Weekly Roundup of Archaeology, History and Historical Fiction Dec 31-Jan 6

Here are some posts I enjoyed this week from around the web:

Archaeologists in China have pushed back the beginnings of silk 4,000 years. They have developed a way to study soil from the 8,500 year old Neolithic tomb and prove that silk was present, although from biomolecular evidence. No gowns to show you. The question of when and where silk traveled into the rest of the world is a separate issue, but an interesting one. Kind of amazing to think of silk production in the context of Neolithic life. Human beings are ingenious. Click here for Archaeology News Network “Prehistoric Silk Found In Henan”

photo Aphrodite's Rock

Aphrodite’s Rock

This is a titillating BBC post on Paphos, Cyprus, which has been named a 2017 European Capital of Culture. Not bad for a touristy beach town! The post points out the designation comes from the ruins found in the vicinity—which are entirely worthy. Much is made in the post of the worship of Aphrodite and ritual prostitution that took place at the temple, whose very fragmentary ruins are there. The Roman ruins with their gorgeous mosaics are more impressive to look at, if less intriguing. The particular version of Aphrodite that was worshipped on Cyprus from early on owes a great deal to eastern goddesses such as Ishtar/Astarte, etc and not much with the Greek myths most people know, although you can see the rocks that cause the foam in the sea from which she rose (never mind that’s not the cause in the myth, but best for tourism to blame some scenic rocks). I love the layered-ness of Cyprus. Everything goes back and back far into prehistory. Romans banning a late version of ritual prostitution under Constantine is a positively modern event. I find it entirely possible to believe a goddess was born there. Click here for BBC “It was an ancient form of sex tourism”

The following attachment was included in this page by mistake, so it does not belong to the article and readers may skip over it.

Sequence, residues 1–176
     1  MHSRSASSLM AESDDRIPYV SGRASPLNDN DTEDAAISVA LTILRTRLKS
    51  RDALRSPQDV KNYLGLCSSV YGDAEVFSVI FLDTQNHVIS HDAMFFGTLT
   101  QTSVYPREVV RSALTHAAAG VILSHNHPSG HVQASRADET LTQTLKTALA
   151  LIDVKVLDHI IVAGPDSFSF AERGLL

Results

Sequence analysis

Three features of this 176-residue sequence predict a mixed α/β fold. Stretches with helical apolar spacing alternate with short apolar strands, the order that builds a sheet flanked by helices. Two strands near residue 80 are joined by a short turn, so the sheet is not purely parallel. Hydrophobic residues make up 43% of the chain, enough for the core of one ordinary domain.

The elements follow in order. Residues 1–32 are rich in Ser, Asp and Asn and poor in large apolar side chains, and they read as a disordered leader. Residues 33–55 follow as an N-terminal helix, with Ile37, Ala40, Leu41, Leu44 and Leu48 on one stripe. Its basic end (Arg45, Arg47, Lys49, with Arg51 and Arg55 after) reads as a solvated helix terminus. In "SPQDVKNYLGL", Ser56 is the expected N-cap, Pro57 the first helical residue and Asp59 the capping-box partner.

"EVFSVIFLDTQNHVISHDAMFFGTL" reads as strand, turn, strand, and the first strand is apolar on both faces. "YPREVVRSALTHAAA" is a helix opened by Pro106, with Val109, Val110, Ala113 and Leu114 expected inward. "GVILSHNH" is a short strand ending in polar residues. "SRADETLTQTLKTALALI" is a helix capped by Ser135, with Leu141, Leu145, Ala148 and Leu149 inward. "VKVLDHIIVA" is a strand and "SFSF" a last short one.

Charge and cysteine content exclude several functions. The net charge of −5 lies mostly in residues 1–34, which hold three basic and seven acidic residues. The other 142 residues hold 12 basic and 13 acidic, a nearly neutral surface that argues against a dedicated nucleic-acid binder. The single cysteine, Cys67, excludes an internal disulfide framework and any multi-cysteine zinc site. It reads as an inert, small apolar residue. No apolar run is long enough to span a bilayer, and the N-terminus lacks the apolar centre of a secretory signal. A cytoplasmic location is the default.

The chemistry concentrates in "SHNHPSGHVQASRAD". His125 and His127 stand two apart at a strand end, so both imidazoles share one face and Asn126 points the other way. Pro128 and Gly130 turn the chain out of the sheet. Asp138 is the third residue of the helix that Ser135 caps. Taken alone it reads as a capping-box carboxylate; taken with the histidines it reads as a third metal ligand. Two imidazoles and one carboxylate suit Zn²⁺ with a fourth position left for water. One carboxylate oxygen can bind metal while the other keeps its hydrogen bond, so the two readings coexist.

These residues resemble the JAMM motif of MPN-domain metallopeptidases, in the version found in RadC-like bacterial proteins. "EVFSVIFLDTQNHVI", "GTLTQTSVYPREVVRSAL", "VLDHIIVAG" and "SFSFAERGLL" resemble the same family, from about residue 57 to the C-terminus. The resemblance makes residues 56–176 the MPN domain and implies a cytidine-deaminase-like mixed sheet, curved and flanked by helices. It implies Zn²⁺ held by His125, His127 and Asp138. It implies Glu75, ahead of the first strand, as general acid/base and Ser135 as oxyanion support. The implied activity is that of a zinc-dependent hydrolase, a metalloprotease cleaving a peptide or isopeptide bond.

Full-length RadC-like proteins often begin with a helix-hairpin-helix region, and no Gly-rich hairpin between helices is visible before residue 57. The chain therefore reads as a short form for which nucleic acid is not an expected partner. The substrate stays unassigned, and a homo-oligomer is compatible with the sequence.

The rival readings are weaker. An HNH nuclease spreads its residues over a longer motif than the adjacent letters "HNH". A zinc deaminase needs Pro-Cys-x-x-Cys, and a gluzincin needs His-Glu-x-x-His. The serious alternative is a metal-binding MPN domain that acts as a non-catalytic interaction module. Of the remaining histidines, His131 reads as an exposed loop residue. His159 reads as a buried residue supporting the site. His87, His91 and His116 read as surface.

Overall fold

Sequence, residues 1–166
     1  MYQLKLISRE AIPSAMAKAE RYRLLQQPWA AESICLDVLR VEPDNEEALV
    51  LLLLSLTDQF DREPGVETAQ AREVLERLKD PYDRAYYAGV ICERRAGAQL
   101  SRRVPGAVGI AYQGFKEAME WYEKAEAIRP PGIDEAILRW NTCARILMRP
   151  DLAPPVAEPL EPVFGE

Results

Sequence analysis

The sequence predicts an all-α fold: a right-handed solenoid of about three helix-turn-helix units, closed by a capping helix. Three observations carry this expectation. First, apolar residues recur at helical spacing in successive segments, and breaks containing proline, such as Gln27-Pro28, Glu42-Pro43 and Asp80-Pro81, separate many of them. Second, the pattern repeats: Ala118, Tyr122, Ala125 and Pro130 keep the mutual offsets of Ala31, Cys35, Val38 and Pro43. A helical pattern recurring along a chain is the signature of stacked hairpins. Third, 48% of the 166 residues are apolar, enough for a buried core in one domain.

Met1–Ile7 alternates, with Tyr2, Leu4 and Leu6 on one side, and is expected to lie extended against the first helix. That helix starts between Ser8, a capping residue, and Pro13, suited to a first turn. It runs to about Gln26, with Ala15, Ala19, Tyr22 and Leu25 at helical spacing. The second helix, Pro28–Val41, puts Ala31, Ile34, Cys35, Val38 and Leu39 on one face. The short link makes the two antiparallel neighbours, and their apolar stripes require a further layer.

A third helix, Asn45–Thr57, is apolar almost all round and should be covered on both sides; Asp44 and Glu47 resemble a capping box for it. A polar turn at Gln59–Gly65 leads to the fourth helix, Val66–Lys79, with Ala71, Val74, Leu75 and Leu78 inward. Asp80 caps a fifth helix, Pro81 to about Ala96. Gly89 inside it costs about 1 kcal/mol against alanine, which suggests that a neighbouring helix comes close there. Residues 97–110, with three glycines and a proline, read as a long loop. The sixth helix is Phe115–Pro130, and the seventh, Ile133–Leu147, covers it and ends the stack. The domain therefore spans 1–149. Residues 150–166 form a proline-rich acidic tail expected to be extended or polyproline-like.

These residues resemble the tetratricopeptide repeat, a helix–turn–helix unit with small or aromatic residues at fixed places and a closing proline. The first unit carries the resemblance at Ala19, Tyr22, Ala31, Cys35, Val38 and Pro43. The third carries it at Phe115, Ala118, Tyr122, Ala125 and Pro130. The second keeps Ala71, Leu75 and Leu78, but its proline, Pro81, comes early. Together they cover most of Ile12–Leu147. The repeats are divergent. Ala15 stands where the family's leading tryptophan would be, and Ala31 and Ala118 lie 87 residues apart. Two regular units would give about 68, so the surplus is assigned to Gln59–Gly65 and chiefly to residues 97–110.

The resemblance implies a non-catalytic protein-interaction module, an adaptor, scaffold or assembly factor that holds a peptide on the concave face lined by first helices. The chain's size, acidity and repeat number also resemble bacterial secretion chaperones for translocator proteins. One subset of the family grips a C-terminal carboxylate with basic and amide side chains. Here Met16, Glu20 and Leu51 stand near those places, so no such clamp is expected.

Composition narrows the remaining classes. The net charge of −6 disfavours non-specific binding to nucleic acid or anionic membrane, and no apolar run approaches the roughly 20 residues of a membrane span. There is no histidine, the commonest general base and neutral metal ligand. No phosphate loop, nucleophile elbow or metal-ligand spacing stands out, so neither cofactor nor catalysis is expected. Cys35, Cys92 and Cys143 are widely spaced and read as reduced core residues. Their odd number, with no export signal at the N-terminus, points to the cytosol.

A grave that symbolizes the womb and hence rebirth into the afterlife? The Egyptian pot burial—wherein the body is curled into a pot as a coffin—was considered the poor person’s solution, and primarily for children. But now archaeologists realize it was a choice made by the wealthy and is as common for adults as children. So the symbolism suggested itself as an interpretation. This style of burial was used elsewhere besides Egypt. What do you think? Click here for Science News “Ancient Egyptian Pot burials were not just for the poor”

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